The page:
German asset manager DWS is set to deliver a death blow to its Russia ETF.
It has been reported widely that the ETF, which it suspended earlier this year, is to be discontinued after MSCI said it would halt the underlying index in March.
The final index calculation for the Xtrackers MSCI Russia Capped SWAP Ucits ETF will take place on 16 December, even though it is currently suspended. The ETF will be delisted from the London Stock Exchange, Deutsche Boerse, and Borsa Italiana soon after. Reports elsewhere state that the ETF’s total assets under management as of March this year stood at £82m. DWS has also reportedly said that redemptions would be ‘zero or close to zero’ due to the fund’s valuation.
DWS said: “The index administrator has recently advised that the reference index will be discontinued as of 1 March 2023.”
It added: “In addition, the current derivatives invested in by the sub-fund are due to expire and the sub-fund will not be able to renew these derivatives due to applicable sanctions legislation.”
ETF Stream has traced comparisons between DWS’s actions and those of firms such as Invesco and Blackrock. The former, it wrote, shut its rival products on 21 June, a day after Blackrock terminated its Russia-exposed ETFs. Blackrock, it wrote, is keeping shares of the products on its fund register while it converts their GDRs into underlying shares.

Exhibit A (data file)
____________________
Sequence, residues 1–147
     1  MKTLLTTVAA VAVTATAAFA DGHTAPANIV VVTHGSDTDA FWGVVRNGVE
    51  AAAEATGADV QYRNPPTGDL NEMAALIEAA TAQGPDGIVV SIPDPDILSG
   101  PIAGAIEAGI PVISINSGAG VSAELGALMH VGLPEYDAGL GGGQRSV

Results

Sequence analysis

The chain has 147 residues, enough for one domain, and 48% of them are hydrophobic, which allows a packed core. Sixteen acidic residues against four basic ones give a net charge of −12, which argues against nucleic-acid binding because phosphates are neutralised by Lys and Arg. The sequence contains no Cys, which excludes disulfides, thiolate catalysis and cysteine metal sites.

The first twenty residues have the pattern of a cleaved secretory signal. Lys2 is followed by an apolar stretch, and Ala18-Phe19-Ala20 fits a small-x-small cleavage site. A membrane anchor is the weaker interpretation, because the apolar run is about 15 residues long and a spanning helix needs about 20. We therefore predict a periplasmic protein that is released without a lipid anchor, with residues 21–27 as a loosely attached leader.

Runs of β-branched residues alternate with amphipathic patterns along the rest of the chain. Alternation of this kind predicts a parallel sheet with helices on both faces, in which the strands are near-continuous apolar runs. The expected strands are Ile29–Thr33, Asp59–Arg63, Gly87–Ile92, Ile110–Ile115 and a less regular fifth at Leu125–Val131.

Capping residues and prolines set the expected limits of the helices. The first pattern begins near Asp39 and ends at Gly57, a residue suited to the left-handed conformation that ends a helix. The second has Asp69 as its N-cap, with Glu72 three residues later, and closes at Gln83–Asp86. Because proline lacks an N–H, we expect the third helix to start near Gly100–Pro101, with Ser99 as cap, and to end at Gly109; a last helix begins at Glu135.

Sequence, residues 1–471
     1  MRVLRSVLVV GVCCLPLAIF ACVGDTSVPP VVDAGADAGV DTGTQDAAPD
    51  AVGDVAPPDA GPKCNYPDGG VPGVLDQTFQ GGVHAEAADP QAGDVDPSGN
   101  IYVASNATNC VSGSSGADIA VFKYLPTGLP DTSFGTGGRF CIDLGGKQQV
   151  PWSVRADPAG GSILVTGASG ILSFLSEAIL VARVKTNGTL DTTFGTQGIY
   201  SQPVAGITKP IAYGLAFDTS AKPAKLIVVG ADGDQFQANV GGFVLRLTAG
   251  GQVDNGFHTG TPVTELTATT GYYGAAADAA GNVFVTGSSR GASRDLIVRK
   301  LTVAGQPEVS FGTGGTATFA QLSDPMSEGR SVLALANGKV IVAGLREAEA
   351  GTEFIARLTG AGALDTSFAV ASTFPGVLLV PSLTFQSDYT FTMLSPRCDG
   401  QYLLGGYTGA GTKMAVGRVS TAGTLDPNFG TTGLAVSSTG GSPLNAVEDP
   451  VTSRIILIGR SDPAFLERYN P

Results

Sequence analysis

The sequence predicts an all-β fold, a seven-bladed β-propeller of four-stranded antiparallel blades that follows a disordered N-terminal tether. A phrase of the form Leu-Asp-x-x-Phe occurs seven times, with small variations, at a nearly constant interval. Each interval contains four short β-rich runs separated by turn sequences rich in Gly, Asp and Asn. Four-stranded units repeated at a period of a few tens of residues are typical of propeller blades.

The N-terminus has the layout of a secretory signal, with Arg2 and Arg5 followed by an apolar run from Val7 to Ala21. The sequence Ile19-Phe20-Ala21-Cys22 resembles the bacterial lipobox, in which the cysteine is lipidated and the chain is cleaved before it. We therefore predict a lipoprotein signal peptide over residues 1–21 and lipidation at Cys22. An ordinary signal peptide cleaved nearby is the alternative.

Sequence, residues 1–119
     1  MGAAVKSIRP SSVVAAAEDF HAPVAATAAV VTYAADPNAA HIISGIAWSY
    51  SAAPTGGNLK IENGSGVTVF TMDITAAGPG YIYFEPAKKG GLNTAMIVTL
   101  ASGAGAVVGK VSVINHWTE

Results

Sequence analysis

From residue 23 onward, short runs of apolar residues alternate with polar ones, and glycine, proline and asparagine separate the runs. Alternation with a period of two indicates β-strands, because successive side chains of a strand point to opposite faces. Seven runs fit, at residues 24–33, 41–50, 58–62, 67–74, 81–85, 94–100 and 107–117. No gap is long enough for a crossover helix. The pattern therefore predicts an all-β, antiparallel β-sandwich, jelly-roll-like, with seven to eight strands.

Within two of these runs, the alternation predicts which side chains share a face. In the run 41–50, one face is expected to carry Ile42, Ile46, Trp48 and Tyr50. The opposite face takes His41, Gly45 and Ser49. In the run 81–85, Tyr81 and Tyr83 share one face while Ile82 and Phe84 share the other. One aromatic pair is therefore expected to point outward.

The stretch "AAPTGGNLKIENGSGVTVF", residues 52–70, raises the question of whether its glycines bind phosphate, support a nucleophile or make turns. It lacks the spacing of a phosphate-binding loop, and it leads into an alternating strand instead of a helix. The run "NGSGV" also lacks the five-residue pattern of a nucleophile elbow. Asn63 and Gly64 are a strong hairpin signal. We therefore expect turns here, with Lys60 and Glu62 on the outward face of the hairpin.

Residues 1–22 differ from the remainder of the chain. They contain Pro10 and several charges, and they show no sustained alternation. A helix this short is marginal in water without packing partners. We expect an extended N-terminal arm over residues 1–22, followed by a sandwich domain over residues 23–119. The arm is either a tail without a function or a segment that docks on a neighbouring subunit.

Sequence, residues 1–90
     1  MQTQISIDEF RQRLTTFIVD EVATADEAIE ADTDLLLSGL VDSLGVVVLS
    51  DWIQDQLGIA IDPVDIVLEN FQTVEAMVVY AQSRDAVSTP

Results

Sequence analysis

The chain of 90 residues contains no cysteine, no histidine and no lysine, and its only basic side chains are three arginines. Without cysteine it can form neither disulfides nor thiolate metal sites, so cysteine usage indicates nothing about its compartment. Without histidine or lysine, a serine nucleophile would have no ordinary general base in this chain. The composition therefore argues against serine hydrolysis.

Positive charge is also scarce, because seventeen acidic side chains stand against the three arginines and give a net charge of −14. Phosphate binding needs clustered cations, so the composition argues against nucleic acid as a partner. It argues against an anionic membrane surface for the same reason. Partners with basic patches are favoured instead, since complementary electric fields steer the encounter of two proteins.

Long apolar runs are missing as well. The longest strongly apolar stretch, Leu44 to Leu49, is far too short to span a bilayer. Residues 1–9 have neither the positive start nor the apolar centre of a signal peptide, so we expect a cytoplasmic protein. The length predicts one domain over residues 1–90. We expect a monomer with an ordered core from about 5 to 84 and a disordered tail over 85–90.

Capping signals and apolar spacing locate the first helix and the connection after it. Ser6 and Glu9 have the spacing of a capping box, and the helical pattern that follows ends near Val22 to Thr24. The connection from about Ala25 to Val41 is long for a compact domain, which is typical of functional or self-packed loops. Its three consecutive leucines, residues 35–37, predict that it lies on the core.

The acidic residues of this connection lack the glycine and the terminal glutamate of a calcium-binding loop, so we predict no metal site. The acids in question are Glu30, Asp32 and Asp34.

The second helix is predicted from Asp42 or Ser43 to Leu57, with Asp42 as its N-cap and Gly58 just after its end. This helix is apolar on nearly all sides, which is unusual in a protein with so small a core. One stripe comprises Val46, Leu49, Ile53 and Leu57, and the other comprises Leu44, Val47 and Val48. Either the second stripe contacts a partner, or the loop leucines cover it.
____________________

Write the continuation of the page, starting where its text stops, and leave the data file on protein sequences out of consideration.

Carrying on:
Earlier this year, Expert Investor wrote about how Russia’s invasion of Ukraine had been disastrous for fund performance.
Back then, the BMO Multi-Manager Fundwatch Q1 2022 report found that its consistency ratio for top quartile returns over three years had fallen, by the end of Q1 2022, to 0.45% – a marked drop from the 2.1% registered in the preceding quarter.
Writing in the report, Kelly Prior, investment manager at the firm, said: “The BMO MM Consistency Ratio for top quartile returns over three years (to the end of Q1 2022) has been significantly impacted by the invasion of Ukraine by Russia, and its huge geopolitical impact on resources, different geographies and global interest rates and currency markets. The ratio has tumbled to an all-time low of 0.45% (2.1% last time) with just five of the 1,115 funds achieving this feat. This ratio’s typical range over the time we have been running this research was circa. 2-4%.”
Prior added: “Only five funds from five different sectors manage the consistency of top quartile returns – the sectors are the IA Europe ex-UK, the IA UK All Companies, IA £ Corporate Bond, IA £ Strategic Bond and IA Japan.”